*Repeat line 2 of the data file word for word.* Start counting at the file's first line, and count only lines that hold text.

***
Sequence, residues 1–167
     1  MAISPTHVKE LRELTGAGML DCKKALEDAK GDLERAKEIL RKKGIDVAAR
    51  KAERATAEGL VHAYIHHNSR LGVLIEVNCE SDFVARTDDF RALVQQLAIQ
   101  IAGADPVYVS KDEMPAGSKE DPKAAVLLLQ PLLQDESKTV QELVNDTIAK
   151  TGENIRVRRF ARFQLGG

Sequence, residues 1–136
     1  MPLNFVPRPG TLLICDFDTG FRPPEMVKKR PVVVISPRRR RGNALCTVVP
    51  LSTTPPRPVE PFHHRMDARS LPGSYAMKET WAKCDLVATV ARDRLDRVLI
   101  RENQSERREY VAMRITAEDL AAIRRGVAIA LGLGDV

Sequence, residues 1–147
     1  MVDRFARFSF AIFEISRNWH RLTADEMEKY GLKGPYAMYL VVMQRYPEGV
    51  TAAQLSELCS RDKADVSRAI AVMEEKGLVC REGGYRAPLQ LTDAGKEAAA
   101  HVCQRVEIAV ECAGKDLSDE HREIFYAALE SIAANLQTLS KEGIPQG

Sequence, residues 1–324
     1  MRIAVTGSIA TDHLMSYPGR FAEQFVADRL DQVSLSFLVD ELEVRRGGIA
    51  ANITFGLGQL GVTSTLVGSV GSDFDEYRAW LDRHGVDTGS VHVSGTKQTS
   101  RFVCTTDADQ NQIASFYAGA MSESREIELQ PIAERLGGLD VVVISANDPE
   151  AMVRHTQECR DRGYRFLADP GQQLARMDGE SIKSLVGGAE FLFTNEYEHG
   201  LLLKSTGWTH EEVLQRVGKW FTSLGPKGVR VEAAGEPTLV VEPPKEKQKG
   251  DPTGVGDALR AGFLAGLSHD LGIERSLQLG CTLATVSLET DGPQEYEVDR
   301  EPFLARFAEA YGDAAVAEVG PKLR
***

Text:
     1  MAISPTHVKE LRELTGAGML DCKKALEDAK GDLERAKEIL RKKGIDVAAR